Definition of dwarf in English:


Syllabification: dwarf
Pronunciation: /dwôrf

noun (plural dwarfs or dwarves /dwôrvz/)

  • 1(In folklore or fantasy literature) a member of a mythical race of short, stocky humanlike creatures who are generally skilled in mining and metalworking.
    More example sentences
    • It is set in the world of the traditional fairy tale, with a cast of elves, dwarves, trolls and goblins as well as hobbits and humans.
    • Over the rolling plains of Edelwilde walk giants, dwarfs, elves, fairies and many other creatures unknown to the rest of the world.
    • One was a dwarf: short and stocky, with a beard that reached to his waist.
  • 1.1often • offensive An abnormally small person.
    More example sentences
    • Unlike Hudson, Miss M., as she is referred to in the novel, is perfectly formed, albeit around two feet tall: a midget, not a dwarf.
    • Back then we'd have said dwarf or midget, but that's not politically correct any more, is it?
    • Their son, David, who is nearly six years of age, was born a dwarf and today measures 92 cm the average size of a two year old.
    small person, short person; midget, pygmy, manikin, homunculus
  • 1.2 [as modifier] Denoting something, especially an animal or plant, that is much smaller than the usual size for its type or species: a dwarf conifer
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    • Evergreen plants, including dwarf conifers such as hemlocks, junipers, pines, and spruces, can form a backbone to anchor the design of a rock garden.
    • Coastal heathlands are dominated by early successional species such as dwarf shrubs and grasses, and support many rare and endemic species.
    • Many conifer trees species have dwarf varieties available.
    miniature, small, little, tiny, toy, pocket, diminutive, baby, pygmy, stunted, undersized, undersize
    informal mini, teeny, teeny-weeny, itsy-bitsy, pint-sized, little-bitty, vertically challenged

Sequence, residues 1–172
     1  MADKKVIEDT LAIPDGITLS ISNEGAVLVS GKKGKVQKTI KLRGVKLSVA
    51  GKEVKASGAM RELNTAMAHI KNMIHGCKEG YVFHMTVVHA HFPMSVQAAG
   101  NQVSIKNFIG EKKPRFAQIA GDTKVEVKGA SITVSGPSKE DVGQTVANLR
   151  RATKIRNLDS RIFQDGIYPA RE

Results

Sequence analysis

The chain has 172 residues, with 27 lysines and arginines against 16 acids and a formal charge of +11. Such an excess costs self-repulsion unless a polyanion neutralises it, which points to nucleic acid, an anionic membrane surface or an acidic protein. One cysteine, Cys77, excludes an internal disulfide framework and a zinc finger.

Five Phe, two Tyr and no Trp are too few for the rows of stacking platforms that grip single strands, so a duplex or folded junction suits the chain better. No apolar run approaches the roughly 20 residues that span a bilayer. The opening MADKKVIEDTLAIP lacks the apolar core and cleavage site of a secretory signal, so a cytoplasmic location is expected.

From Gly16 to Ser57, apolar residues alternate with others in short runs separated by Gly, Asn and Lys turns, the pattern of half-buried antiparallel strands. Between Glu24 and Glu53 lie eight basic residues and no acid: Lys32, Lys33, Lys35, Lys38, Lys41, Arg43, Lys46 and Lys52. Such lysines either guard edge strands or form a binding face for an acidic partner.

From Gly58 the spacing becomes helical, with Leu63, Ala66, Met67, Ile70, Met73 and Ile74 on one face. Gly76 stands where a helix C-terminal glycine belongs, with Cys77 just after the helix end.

Scottish wee
  • 2 (also dwarf star) Astronomy A star of relatively small size and low luminosity, including the majority of main sequence stars.
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    • The new planet was detected orbiting the red dwarf star Gliese 876, which is about one third as massive as our Sun.
    • The stellar wind from the red dwarf star removes the dust in the debris disk by causing the dust to slowly spiral into the star.
    • The planet orbits the M class red dwarf star Gliese 436, located only 33 light years away, in our own galactic neighborhood.


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  • 1Cause to seem small or insignificant in comparison: the buildings surround and dwarf All Saints Church
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    • The new design does not even remotely fit in with the rest of the area and will, as you can see, dwarf the other surrounding buildings.
    • In comparison the earth is dwarfed by mighty Jupiter, so the presence of Ganymede is not really that unusual.
    • The ship seemed tiny and insignificant now, dwarfed by the great tower of the Pharos lighthouse.
    dominate, tower over, loom over, overshadow, overtopovershadow, outshine, surpass, exceed, outclass, outstrip, outdo, top, trump, transcend; diminish, minimize
  • 1.1Stunt the growth or development of: (as adjective dwarfed) the dwarfed but solid branch of a tree
    More example sentences
    • The anatomy of the graft tissue between a rootstock and its shoot can provide a mechanistic explanation of the way dwarfing Malus rootstocks reduce shoot growth.
    • The two independent, recessive dwarfing genes produced four distinct seedling growth habits in field trials.
    • Without proper DNA methylation, higher organisms from plants to humans have a host of developmental problems, from dwarfing in plants to tumor development in humans to certain death in mice.



More example sentences
  • There can be few among today's absintheurs whose skills are on a par with this dwarfish playwright, author of Ubu Roi and creator of the monstrous stage figure Pere Ubu.
  • The intimidating old man stood to his full height, which was tall but nowhere close to Grady's two-meter form, and glowered down at the dwarfish Jerwon.
  • A small dwarfish creature, largely hidden by rag coverings with a protruding hook of a nose and sparkling yellow eyes emerged from the heavy undergrowth.


Old English dweorg, dweorh, of Germanic origin; related to Dutch dwerg and German Zwerg.


In the sense ‘an abnormally small person,’ dwarf is normally considered offensive. However, there are no accepted alternatives in the general language, since terms such as person of restricted growth sound overeuphemistic and have gained little currency.

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